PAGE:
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You're reading: Key political risks to watch in the Baltic states

The government of Lithuania faces the biggest challenge this year in the Baltic states as opinions polls show it likely to lose an election in October to the centre-left opposition Social Democrats.

Both the Latvian and Lithuanian governments have set their
eyes on euro adoption in 2014, though the euro zone debt crisis
has cast a shadow over such ambitions.

Lithuanian President Dalia Grybauskaite said in a recent
interview that the euro crisis might delay Lithuania’s euro

Following are some factors to watch in the region:


Lithuania holds parliamentary election in October. The
centre-right coalition government led by Prime Minister Andrius
Kubilius, which has followed the path of tax increases and
spending cuts to keep the budget deficit in check, is lagging
all three main opposition parties in polls.

All the main parties stated in their election manifestos
that, if elected, they would seek to balance state finances. The
election will be held against a backdrop of slow economic
recovery, with the state budget on track to reach its deficit
goal of 3 percent GDP this year, as fixed under the rules to
join the euro zone.

What to watch:

Will Lithuania’s budget deficit and inflation fail to meet
the criteria to join the euro zone? Most analysts agree the
margins are likely to be razor thin.

The country needs to roll over or repay a 1 billion euro
($1.24 billion) eurobond in March 2013. Its main goal is to
refinance the debt in the international markets, but it might
have to appeal for funding from the International Monetary Fund.


Latvia re-elected a centre-right government after a snap
election in September last year and in December exited a bailout
programme that was overseen by the IMF and European Union.

The economy appears to have recovered from several years of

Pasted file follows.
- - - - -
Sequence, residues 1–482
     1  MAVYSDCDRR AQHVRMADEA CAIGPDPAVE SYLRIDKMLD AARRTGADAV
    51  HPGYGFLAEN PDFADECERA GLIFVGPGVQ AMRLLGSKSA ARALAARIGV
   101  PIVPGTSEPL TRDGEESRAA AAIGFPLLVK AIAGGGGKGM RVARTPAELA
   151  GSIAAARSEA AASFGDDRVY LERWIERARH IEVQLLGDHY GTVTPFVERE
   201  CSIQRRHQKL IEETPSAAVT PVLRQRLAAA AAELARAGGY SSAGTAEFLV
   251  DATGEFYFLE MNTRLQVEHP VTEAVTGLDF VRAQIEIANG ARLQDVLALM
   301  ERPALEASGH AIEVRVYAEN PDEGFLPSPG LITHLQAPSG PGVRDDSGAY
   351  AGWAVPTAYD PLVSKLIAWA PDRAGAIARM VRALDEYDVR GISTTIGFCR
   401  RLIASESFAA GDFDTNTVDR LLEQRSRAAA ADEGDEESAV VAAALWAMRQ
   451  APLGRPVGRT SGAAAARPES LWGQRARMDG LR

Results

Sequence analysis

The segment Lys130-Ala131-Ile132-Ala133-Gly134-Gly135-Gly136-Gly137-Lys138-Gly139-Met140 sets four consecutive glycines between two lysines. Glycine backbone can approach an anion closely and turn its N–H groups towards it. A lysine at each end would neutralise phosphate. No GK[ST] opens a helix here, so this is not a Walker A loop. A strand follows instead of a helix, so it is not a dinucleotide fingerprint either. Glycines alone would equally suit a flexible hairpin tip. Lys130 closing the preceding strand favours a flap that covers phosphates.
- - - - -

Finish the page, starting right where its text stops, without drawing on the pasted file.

austerity and the government still aims to adopt the euro in
2014. The government plans to pass a supplementary budget later
this year, including 70 million lats ($124.22 million) in extra
spending that should remain in line with budget deficit targets.

What to watch:

Will the government miss budget targets and jeopardise its
goal of joining the eurozone in 2014?

Will the economy grow the 4.0 percent this year and 3.7
percent in 2013 as forecast by the government?


Joined the euro zone last year and Andrus Ansip’s government
was re-elected in March 2011. But as Europe’s economy slows, so
too has Estonia’s export-oriented growth and unemployment
remains high. This could increase opposition for further
measures to support troubled, yet better-off, euro zone states
like Greece.

Some tensions exist among the ruling coalition partners over
privatisation and the listing of some state-owned companies.

What to watch:

The finance ministry will mostly likely revise down its
economic forecasts in late August or early September. In March,
the finance minister forecast gross domestic product would grow
1.7 percent in 2012 and 3.0 percent in 2013.

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